Whenever I talk to IFAs, the one thing guaranteed to come up in our conversations is their weariness at the constant slew of paperwork hitting their desks and email inboxes from regulators and other sources, updating rules and regulations or offering “fresh” insights into their business practices.
Be it surveys, opinion panels, invitations to seminars, conference reports, special studies or whatever, the flood of information never ceases. IFAs are expected to assimilate and make sense of all of it – and that is before they even begin to advise their clients.
I feel a lot of sympathy for their plight, not least because, in common with most other journalists covering the financial services industry, I too have to wade my way through scores of the same reports that reach advisers. My role is slightly different, however. I try to make sense of what they say, identifying any small nuggets of useful information that can help inform what goes into this column.
Last week, for example, not an unusual one by any means, I received 57 emails on the subject of the RDR alone. Skimming through each one plus any attachments in the – usually – forlorn expectation of finding a lonely pearl can take many hours.
Sometimes you find yourself pressing the delete button, only to realise after emptying your email bin at the end of the week that you have erased something that could have been used as part of the discussion.
Which is how I find myself in the slightly embarrassing situation this week of citing a press release without quoting the source, hoping the original sender of the email will confirm to verify the truth of what I am about to tell you.
Basically, it was about another seminar aimed at the IFA community, in which a panel of experts shared their experiences of how to inform consumers about the RDR. In-between a slew of familiar bromides about initiating a conversation with your clients before the change-over was one small real-life experience from an adviser, telling his colleagues how to deal with a delicate issue: the switch to fees.
He cautioned against making a direct comparison between fees and commissions because that might leave many clients in shock at the extent of the commissions they have unknowingly been paying for so many years. The end result, he warned, was that some might decide they wanted to have nothing more to do with their adviser.
Now, I don’t know about you but I was shocked by this comment. After all, we have had 10 years of the menu system, in which independent advisers should have been offering the option of paying by fee and an appropriate fee scale.
In the majority of cases – IFAs would also have been offering the alternative option of paying by commission and, for a range of common financial products, the commission the firm normally charges, set alongside average rates charged in the market.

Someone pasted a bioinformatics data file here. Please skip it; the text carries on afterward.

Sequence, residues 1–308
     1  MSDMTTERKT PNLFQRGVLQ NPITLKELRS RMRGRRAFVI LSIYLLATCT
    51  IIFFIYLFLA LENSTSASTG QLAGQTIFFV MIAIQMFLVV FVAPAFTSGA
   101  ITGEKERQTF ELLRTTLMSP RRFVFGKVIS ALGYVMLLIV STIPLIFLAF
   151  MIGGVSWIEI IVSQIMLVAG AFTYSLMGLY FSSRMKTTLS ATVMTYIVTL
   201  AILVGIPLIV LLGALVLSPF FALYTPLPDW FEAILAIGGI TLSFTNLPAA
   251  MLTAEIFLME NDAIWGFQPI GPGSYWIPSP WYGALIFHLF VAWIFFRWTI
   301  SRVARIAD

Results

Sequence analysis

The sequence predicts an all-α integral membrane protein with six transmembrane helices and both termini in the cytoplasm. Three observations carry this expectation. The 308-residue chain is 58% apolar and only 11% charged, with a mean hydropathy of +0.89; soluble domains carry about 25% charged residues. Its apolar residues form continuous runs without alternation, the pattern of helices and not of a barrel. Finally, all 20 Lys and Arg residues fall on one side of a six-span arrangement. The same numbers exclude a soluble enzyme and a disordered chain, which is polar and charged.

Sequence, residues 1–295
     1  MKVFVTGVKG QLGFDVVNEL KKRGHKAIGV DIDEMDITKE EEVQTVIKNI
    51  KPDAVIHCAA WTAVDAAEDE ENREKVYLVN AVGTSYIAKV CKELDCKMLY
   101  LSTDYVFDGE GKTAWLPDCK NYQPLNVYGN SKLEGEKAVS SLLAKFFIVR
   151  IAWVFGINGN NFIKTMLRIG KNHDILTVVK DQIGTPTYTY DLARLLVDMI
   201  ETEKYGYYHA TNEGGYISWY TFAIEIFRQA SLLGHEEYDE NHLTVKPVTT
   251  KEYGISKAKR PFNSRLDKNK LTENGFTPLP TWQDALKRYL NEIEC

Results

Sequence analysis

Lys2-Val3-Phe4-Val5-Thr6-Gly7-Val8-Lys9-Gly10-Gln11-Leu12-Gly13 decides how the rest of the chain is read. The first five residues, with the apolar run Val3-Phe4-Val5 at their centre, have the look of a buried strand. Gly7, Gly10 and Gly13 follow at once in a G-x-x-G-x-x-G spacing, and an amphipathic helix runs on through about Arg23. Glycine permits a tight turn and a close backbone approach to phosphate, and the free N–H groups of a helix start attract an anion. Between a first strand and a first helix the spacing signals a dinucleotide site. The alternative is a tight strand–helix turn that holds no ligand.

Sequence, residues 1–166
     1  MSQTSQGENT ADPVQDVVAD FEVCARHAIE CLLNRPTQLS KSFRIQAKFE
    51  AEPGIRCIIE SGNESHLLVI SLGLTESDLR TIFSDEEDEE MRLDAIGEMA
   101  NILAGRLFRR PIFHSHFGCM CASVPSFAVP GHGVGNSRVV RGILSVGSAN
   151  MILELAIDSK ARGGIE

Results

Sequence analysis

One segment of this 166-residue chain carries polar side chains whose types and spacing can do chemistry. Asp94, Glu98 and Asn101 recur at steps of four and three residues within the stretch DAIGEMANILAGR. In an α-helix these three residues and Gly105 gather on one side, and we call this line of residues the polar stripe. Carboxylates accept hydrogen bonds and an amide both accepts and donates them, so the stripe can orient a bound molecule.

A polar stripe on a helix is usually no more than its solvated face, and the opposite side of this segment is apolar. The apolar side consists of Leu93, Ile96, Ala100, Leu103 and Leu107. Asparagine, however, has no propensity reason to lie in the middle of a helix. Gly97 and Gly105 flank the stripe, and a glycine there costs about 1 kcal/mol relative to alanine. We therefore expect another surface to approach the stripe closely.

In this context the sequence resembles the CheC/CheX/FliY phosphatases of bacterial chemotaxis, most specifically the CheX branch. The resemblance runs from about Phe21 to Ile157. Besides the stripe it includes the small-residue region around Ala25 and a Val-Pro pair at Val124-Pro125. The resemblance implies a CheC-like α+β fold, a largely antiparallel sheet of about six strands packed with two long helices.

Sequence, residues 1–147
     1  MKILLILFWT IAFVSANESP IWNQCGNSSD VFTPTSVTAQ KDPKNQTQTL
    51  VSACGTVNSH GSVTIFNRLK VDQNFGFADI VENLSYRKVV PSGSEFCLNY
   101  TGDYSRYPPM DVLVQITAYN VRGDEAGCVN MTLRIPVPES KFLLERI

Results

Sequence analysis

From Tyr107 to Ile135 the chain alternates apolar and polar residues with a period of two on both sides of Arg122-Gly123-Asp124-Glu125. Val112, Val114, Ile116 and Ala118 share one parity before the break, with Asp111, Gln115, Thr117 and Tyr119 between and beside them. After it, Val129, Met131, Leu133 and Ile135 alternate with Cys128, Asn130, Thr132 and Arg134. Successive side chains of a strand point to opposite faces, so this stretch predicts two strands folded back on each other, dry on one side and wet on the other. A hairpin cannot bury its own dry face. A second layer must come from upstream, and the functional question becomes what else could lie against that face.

Given this information, the assumption ought to have been that clients should not be unprepared for a homily from the advisers about the potentially costly effects of commissions as opposed to fees. Yet, somehow, they are. So much so that IFAs are now being advised not to make any direct comparisons between the two for fear of putting off consumers.
What we appear to have in the UK today is a large group of consumers who hate the idea of dealing with or talking about financial issues, about which they feel totally uninspired and uninformed. At the same time, they have grudgingly been won over to the idea that independent financial advice is the right option for them.
Having reached, exhausted by the effort, the IFA shore, all they want is for their adviser to deal with their financial issues. They prefer to ignore as much as possible the fact that some of their advisers are making lots of money out of them and delivering little in return.
Were they to do their homework and seriously begin to assimilate the wads of paperwork their adviser is handing over, they would realise that all is not well. But, like many of us, they prefer to ignore what is staring them in the face.
Which is why, for example, another email I received the week before last from the AIC came up with a list of questions for investors to quiz their IFAs about that were so basic – how often my portfolio will be reviewed, what my objectives as an investor and how will the performance of my portfolio be assessed against these objectives, among others – that one must ask why they have not been raised before.
No wonder my fellow-columnist Alan Lakey confessed not very long ago that he was facing so many problems trying to persuade his own clients that the fee option was better than the commission one – and that after January 2013 he, and thousands of former IFAs, will switch to restricted status.
What this individual IFA confirmed is what many of us have long suspected: the RDR will shine a tiny light into corners of the industry that many IFAs would rather not have to disclose to their clients. Amid all the gnashing and wailing about the RDR’s dire effects, that may yet turn out to be a small but interesting surprise for millions of consumers.
Nic Cicutti can be contacted at firstname.lastname@example.org